By protecting this piece of the Acushnet River, the Coalition and its partners are furthering a larger effort to rejuvenate land around the river and upper New Bedford Harbor. This effort has already led to the restoration of former industrially-owned lands, like P.J. Keating Woods and The Sawmill, in the growing Acushnet River Reserve.
The Riverside Auto site will also play an important role in the federal Environmental Protection Agency (EPA)’s Superfund cleanup of salt marshes that border New Bedford Harbor. This property will provide space for the EPA to access nearly three-quarters of a mile of salt marsh that border this property, where the EPA will remove toxic pollution from chemicals called polychlorinated biphenyls (PCBs).
Throughout the mid-20th century, chemical companies on the harbor dumped PCBs into the water. PCBs are extremely harmful to fish and wildlife and have been proven to cause cancer in humans. This toxic pollution still lingers in the sediments at the bottom of the harbor and bordering salt marshes – particularly in the upper harbor and the Acushnet River.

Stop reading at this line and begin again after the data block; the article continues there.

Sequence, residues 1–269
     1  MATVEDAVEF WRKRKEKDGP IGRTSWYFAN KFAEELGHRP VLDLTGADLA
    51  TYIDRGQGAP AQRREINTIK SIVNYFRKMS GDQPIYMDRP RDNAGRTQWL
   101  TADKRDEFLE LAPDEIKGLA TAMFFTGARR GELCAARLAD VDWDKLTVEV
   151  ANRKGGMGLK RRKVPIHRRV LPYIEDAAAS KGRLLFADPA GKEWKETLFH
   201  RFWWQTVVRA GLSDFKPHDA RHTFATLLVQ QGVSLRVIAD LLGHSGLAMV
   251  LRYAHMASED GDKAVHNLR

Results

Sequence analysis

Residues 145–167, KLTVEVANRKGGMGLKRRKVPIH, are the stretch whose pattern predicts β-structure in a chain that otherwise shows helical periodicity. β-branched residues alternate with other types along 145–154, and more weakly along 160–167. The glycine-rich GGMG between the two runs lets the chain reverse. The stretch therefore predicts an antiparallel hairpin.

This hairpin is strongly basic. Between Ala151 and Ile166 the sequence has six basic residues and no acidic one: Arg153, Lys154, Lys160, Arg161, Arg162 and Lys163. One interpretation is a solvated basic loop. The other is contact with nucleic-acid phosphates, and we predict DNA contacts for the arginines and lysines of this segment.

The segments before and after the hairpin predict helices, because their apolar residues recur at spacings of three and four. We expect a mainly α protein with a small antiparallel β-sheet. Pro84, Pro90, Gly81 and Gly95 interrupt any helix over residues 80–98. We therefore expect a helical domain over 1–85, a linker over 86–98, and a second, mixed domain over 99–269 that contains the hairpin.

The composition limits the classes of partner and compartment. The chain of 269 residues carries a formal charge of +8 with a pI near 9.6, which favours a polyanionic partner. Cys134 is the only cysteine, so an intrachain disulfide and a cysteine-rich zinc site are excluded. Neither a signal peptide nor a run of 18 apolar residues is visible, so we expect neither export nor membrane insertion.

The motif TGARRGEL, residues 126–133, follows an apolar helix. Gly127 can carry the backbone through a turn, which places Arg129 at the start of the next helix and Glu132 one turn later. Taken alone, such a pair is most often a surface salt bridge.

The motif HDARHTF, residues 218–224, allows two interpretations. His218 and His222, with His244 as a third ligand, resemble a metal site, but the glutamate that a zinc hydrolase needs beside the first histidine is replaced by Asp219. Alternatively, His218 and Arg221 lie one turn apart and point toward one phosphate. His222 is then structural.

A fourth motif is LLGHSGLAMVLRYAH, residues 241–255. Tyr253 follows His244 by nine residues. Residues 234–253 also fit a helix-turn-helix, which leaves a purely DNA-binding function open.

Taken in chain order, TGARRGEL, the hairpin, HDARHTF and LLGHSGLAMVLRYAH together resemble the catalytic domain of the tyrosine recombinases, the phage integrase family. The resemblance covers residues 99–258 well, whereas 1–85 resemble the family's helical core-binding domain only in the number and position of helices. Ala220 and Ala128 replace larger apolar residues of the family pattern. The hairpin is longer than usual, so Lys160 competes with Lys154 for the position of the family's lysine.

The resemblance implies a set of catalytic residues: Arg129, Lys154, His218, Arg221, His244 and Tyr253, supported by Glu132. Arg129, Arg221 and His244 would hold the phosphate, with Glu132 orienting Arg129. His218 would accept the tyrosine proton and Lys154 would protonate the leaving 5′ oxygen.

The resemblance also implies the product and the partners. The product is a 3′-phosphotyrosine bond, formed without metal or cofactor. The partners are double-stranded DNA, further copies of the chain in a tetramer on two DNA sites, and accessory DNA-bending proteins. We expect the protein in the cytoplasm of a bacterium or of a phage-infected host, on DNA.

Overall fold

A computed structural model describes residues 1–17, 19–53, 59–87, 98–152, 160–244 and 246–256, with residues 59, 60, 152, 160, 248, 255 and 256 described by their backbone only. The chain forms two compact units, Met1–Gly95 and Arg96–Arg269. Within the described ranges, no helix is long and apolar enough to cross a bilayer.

Following the EPA’s cleanup, the Riverside Auto site itself is in need of restoration. The Coalition will work with both the EPA and Massachusetts Department of Environmental Protection to complete a cleanup of the junkyard property, restore natural vegetation, and develop the site as a park for public access.
In the future, this site will help expand waterfront access to the river, with trails one day leading visitors to the shoreline to enjoy striking views of its salt marshes and New Bedford Harbor.
Restoring this former junkyard is just one step in a larger, long-term plan for the future of this urban river and its natural environment. The Coalition is helping to lead the effort to advance this vision, of a greener, safer Acushnet River that everyone can enjoy.